Viet Beer

Bia Hơi

#Did you know?

Man cannot live on food alone, delicious as it might be. Vietnamese men love to go to their local version of bia hơi (draught beer). As soon as the sun sets in Hà Nội, there’s only one place to be: the corner of Tạ Hiện and Lương Ngọc Quyến streets. A visit to the Beer Corner isn’t just about enjoying a few brews – it’s also a window into the history of the city.

A beer corner is traditionally a down-to-earth place where men drink draught beer or various local beers after work. Like pubs in UK or Izakaya in Japan, it’s a place to chat, eat, and particularly to drink. There is a tough competition between beer places (quán nhậu), so each place features special savoury snacks with unusual ingredients and games. In Sài Gòn or Hà Nội, quán nhậu retains its male-centred connotation, although it is used generically by both sexes to mean a good time for all.

The first brewery in Hà Nội opened in the 1890s when the French-controlled the city. The French brought the beer-drinking culture to Vietnam. Before that, people drank rice wine. After the Hanoi beer brewing factory was set up, the beer culture caught on quickly. Today, Vietnam is second in alcohol consumption in Asia, just behind Korea, consuming 4 billion litres a year in 2016, according to the Ministry of Industry and Trade.

At that time though, beers were expensive, marketed to the city’s upper class. It wasn’t until the late 1950s that Bia hơi was introduced as an affordable option for everyday citizens. A brewery opened on Tạ Hiện Street, a small street lying in the famous Old Quarters of Hà Nội, near Hoàn Kiếm Lake, selling the fresh lager at just a few cents a mug. This local staple is a light and refreshing lager, with an alcohol content of less than 3%. Still today, bia hơi is relatively affordable when compared with international labels. A glass of the light lager could set you back anywhere from 15 to 40 US cents.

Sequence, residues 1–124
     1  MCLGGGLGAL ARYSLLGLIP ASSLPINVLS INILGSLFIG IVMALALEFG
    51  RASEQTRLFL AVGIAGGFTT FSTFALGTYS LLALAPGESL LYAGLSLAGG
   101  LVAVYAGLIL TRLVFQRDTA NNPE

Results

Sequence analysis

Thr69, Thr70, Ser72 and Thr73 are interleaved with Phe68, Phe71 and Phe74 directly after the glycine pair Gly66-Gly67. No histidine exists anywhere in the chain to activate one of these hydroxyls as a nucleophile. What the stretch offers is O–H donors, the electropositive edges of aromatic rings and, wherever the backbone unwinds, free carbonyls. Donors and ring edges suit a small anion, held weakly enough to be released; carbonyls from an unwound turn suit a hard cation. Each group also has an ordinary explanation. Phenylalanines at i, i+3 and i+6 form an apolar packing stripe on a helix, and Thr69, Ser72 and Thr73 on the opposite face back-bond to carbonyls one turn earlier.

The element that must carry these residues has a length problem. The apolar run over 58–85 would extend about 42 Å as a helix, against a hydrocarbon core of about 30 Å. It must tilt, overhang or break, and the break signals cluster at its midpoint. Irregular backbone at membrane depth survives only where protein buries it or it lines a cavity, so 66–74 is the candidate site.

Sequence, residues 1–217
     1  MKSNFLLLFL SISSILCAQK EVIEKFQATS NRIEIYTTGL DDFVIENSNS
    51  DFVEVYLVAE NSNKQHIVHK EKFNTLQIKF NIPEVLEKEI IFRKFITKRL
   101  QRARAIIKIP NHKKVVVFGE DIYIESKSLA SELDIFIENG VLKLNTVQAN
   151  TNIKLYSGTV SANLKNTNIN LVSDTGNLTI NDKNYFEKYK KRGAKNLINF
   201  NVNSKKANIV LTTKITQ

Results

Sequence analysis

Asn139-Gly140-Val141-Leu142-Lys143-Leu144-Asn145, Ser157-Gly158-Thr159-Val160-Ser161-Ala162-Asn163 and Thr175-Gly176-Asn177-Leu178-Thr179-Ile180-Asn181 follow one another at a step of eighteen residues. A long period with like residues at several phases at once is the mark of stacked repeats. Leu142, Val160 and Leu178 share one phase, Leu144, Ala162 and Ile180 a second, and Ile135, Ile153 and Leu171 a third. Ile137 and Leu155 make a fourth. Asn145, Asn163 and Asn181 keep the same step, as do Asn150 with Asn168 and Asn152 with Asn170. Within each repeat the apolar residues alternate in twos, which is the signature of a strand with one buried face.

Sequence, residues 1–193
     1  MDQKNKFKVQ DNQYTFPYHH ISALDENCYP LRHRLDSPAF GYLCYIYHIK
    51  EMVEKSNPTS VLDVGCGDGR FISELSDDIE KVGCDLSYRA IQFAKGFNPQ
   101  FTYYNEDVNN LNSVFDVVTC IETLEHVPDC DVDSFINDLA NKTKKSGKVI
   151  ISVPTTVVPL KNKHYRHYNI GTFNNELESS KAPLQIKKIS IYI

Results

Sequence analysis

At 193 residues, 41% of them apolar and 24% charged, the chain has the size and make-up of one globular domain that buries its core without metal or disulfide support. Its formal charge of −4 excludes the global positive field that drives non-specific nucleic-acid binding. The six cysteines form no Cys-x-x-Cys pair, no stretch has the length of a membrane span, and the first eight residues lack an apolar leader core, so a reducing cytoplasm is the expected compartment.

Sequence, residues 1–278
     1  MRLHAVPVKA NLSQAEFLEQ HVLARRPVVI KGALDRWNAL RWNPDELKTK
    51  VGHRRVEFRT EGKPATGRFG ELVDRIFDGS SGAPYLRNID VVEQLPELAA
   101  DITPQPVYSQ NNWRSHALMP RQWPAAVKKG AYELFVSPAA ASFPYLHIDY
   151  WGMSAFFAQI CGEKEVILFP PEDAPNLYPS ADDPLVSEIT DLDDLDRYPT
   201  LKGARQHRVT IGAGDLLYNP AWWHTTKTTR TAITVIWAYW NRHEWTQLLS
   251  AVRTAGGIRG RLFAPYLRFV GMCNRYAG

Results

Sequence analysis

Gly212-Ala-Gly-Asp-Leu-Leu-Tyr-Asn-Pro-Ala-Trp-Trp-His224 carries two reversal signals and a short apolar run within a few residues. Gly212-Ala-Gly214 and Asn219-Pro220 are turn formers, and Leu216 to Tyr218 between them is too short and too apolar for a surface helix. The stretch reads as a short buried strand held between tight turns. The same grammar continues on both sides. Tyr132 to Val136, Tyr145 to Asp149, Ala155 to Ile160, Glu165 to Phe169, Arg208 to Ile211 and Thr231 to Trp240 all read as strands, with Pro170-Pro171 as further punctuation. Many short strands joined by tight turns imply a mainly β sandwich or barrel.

Some actual term bia hơi as “instant beer” like instant noodles since it is produced and sold quickly. The beer is brewed daily, then matured for a short period and once ready, each bar gets a fresh batch delivered every day in steel/metal barrels. The alcohol content is low and that was because people wanted to consume it rapidly.

More often than not, Hanoians love drinking beer, not because of its taste, but because they’re fond of the ambience of the pavement: hanging out with their best buddies enjoying the breeze amidst a sweltering afternoon after finishing work.

Hà Nội’s bia hơi glass, cốc vại

To truly enjoy Bia hơi fully, one must drink the beer in Hà Nội’s iconic bia hơi glass, cốc vại. The short, bluish glasses are rough around the edges, but without it, the beer doesn’t taste nearly as refreshing regarding the locals. While many may have enjoyed Hanoi’s street beer in these glass tumblers, few are aware that they are not an anonymous creation, but an actual design by a German-trained Vietnamese designer.

In October 1970, the young Lê Huy Vân first set foot back in the capital after studying at Burg Giebichenstein Kunsthochschule Halle, an art school in Germany. Vân wasn’t assigned an art-related job right away by Hanoi authorities but started working as an interpreter in the Government’s Office. Four years later, he was deployed to the technical department of the government’s industrial cooperative, the “birthplace” of the iconic bia hơi glass.